In the news: Red wine and headaches

I hope all our U.S. readers enjoyed an excellent Thanksgiving Day with family, friends, good food, and exceptional wine.

But wait! Now you’ve got a headache?

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Many wine lovers avoid red wines as a potential headache trigger. Assuming over-consumption is not the issue, sulfites or histamines usually get the blame for this unfortunate effect.

My standard response has gone something like this: “If you get a headache or a stuffy nose after drinking wine – especially red wine – you may be allergic to the histamines in some red wines, or in the case of hangovers, simple over-indulgence. But it’s not the sulfites.

Sulfites are used in almost all wines as a natural preservative, and only a handful of people suffer a life-threatening allergy. But even though sulfites are innocuous for the rest of us, they provoke a lot of fear and blame because of an ill-considered warning label slapped on all wines in the U.S. since the late 1980s. Unless you’ve been diagnosed by a doctor as sulfite-sensitive, you can and should ignore this warning.

The case against histamines and other chemicals called polyphenols in wine appears much stronger. It’s a hypothesis supported by abundant research, and it seems logical since many people take antihistamines to address allergic symptoms. Some wine enthusiasts actually take one before enjoying wine, but that’s a bad idea. Here’s why.

So, wine is good, but wine headaches are bad, and histamines make the symptoms worse? That seems clear enough. Until now. In a study published this past Monday in the journal Nature, scientists from the University of California at Davis presented a new hypothesis …

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In the news: Red wine and headaches


… “The consumption of red wine induces headaches in some subjects who can drink other alcoholic beverages without suffering,” wrote UC Davis researchers Apramita Devi, Morris Levin, and Andrew L. Waterhouse. “The cause for this effect has been attributed to a number of components, often the high level of phenolics in red wine, but a mechanism has been elusive.” Based on their studies, the scientists pointed a collective finger at the polyphenol flavonoid quercetin in red wines. Still, they acknowledge, testing on human subjects will be needed to confirm or disprove this hypothesis.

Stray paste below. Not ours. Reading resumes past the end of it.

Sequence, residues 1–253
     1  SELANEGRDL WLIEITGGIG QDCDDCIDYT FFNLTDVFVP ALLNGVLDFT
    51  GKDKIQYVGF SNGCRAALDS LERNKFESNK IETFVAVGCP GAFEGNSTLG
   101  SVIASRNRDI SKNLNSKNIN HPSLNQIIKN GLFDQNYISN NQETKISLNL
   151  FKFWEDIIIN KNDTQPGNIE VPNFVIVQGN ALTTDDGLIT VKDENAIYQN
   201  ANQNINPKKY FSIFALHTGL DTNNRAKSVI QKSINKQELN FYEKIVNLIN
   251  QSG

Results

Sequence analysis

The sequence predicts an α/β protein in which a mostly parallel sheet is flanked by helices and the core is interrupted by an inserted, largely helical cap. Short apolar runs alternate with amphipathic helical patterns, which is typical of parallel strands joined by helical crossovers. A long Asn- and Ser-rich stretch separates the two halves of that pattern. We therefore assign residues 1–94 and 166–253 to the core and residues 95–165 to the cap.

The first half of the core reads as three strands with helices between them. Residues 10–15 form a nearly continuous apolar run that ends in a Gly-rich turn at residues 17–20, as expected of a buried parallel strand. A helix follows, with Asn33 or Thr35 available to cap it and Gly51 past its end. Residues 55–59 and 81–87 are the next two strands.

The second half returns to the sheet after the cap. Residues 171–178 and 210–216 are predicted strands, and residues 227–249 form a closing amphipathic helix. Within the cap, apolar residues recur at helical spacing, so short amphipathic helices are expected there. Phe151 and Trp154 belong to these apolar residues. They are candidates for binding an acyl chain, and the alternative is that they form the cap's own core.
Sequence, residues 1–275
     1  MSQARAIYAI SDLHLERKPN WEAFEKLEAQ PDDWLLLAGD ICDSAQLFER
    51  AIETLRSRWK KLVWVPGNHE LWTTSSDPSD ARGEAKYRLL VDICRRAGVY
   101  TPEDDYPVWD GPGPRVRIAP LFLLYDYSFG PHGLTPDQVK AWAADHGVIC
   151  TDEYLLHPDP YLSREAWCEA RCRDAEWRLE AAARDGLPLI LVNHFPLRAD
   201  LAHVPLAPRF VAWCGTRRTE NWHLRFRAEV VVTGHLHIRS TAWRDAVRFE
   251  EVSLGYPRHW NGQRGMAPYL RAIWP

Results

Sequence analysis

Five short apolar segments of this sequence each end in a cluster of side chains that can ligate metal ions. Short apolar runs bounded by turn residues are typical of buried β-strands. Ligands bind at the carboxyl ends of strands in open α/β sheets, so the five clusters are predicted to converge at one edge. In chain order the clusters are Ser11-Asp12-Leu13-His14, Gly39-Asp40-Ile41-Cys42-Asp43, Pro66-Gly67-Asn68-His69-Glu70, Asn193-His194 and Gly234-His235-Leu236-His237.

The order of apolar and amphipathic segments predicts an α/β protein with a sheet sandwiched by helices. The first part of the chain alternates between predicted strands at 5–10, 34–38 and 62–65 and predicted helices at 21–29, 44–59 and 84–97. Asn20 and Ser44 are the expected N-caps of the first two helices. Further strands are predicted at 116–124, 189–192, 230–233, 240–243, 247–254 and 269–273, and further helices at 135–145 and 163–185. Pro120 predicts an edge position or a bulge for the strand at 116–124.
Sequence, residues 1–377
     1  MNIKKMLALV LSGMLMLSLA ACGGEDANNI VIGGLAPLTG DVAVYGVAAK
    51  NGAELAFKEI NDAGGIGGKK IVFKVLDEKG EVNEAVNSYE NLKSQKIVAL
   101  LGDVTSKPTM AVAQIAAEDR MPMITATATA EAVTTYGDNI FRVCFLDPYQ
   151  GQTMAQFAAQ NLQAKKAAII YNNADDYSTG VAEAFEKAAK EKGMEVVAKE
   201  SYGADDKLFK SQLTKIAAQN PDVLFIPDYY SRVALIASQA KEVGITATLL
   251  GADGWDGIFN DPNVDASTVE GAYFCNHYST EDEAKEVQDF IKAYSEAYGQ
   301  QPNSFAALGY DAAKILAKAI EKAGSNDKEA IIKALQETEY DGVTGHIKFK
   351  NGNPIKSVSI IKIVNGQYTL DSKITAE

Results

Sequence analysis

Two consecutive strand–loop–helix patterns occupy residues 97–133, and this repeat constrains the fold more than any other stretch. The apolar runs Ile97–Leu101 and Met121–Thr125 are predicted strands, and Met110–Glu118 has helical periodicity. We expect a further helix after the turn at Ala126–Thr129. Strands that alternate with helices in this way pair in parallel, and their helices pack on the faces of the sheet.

With the story coming out at the beginning of the winter holiday season, with its traditional focus on feasting, food and drink, it didn’t take the news media long to jump on it. “Get headaches from drinking red wine? Study offers clue about why,” headlined a CNN report on Wednesday. The New York Times weighed in with an extensive Science Times report by writer Dana G. Smith headlined “The Science Behind the Dreaded Red Wine Headache: Is it sulfites, tannins or another culprit? Here’s what the research says about the migraines some people get with a glass of merlot.” Here’s a gift link that will take you through The Times’ paywall.

The University of California’s public-relations teams pushed the story out, with separate, detailed reports from UC Davis and from UC at San Francisco.

Finally, if you prefer to dig into primary source material, here’s a free link to the full report in Nature.

At the end of the day, there’s particular irony in suspicion turning toward quercetin, one of the much-praised flavonols – antioxidants – that are widely believed to contribute to red wine’s purported benefits in staving off cardiovascular disease and heart ailments. Does this mean that the new report is telling us, “We’ve got some good news, and we’ve got some bad news”?